Video: Justice on Marwin Gonzalez's appeal as a free agent

2. Bullpen: It's constant. With dollars going to improving the offense and Colorado still paying on big investments last offseason (Wade Davis, Jake McGee and Bryan Shaw), it would be extremely difficult to bid on retaining righty Adam Ottavino, who was one of the National League's most effective relievers last season. But that doesn't preclude a lower-salary find.

3. Catcher: The search for depth here is also constant. While it's hard to imagine a big financial splash, there could be a move to bolster the spot. Colorado has Chris Iannetta, Tony Wolters and Tom Murphy on the 40-man roster, and picked up Brett Nicholas (formerly with the Rangers) last month on a Minor League contract.

Rox shift 1B/2B search to short-term options

Rule 5 Draft
The Rockies did not draft anyone in the Major League phase, but lost right-handed reliever Brandon Brennan when he was chosen by the Mariners.

Brennan, 27, split last year between Double-A Birmingham and Triple-A Charlotte in the White Sox organization and was recently signed by the Rockies to a Minor League contract. He was 4-3 with a 3.10 ERA in 40 outings (one start) with Birmingham and 1-1 with a 5.40 ERA in four relief appearances for Charlotte.

2018 Rule 5 Draft results

In the Minor League phase, Colorado re-acquired Chris Rabago in a circuitous manner.

Rabago was on the 40-man Major League roster last season, but was claimed off waivers by the Yankees on Aug. 22 when Colorado needed a spot for veteran reserve Matt Holliday. On Tuesday, the Royals selected Rabago from the Yankees, then sent him to the Rockies for cash considerations.

GM's bottom line
"It's tough to come here, start something and finish something. You pick up on conversations that precede these meetings and you hope to advance those conversations down the field. I think we've done that in a couple of different areas." -- Bridich

Thomas Harding has covered the Rockies since 2000, and for MLB.com since 2002. Follow him on Twitter and like his Facebook page.

Colorado Rockies

Daza impressing at the plate in Venezuela

MLB.com @GoldenSombrero

Eloy Jimenez's offseason campaign in the Dominican Republic likely has come to an end.

The White Sox had planned to shut down their top prospect after just a few weeks with Gigantes del Cibao, but a recent quad injury accelerated that timeline and could now keep him out of action until Spring Training, reports Bruce Levine of Chicago's 670thescore.com.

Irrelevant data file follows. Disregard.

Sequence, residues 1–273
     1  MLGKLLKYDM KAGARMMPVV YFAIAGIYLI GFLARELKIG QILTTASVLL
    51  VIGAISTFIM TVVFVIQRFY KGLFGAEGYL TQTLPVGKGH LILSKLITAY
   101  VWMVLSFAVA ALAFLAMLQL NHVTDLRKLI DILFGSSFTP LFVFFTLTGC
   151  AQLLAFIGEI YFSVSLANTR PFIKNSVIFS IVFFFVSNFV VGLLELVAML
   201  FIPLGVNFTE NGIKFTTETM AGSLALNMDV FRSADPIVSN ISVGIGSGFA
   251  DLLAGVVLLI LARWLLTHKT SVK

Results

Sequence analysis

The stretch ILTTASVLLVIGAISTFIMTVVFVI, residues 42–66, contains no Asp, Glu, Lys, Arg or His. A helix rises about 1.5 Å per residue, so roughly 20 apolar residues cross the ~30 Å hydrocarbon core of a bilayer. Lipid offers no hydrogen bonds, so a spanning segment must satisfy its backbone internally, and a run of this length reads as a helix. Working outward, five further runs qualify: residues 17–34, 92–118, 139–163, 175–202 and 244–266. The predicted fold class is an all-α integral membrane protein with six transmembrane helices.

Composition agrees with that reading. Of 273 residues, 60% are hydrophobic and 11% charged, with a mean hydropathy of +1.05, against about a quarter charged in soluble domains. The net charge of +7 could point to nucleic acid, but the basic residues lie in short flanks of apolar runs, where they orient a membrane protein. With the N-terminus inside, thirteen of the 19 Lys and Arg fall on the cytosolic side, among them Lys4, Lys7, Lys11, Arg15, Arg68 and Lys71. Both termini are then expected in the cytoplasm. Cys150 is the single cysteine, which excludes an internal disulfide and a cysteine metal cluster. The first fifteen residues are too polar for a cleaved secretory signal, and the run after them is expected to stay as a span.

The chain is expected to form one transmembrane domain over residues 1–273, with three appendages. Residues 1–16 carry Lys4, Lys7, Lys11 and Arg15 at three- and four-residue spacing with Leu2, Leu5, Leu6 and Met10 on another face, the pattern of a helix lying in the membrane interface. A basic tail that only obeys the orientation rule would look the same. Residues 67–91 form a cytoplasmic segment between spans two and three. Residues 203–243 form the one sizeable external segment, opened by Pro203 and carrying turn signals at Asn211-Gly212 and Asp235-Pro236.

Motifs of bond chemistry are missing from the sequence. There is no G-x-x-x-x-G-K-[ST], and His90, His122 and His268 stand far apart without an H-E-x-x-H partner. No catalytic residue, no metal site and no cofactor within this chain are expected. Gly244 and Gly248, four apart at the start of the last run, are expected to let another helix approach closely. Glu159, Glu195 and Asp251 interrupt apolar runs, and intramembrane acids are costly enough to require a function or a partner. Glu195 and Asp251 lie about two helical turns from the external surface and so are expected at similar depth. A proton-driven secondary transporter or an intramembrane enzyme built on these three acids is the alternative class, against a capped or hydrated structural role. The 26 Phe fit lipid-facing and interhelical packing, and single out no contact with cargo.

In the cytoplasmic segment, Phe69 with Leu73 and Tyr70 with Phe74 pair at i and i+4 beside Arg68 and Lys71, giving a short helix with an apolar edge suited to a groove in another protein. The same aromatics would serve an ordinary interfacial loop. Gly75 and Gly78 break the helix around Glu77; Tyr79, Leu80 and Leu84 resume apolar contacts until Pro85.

Eloy Jimenez's offseason campaign in the Dominican Republic likely has come to an end.

The White Sox had planned to shut down their top prospect after just a few weeks with Gigantes del Cibao, but a recent quad injury accelerated that timeline and could now keep him out of action until Spring Training, reports Bruce Levine of Chicago's 670thescore.com.

Prior to the injury, the No. 3 overall prospect had produced a robust .448/.500/.759 line, hitting safely in all eight games for Gigantes. Along the way, Jimenez totaled two home runs -- including one in his final game on Dec. 11 -- three doubles and nine RBIs.

The White Sox sent the 22-year-old outfielder to the Dominican for extra work after a regular season in which he hit .337/.384/.577 with 22 homers, 28 doubles and 75 RBIs over 108 games between Double-A Birmingham and Triple-A Charlotte.

Here's a look at how top prospects, as well as some other notable players, are performing so far in offseason leagues.

Australia

Michael Gettys, OF, Padres -- A tour of the Australian Baseball League last offseason did wonders for Buddy Reed's development, so the Padres are hoping that Gettys, a former Padres Top 30 prospect, will take a similar path. The 23-year-old outfielder is tied for the league lead in both home runs (six) and RBIs (20) and sports a .315/.386/.685 slash line through 20 games. During the regular season, Gettys totaled 15 homers and 17 steals but slashed just .230/.290/.399 with a 33.8 percent strikeout rate over 125 games at Double-A San Antonio.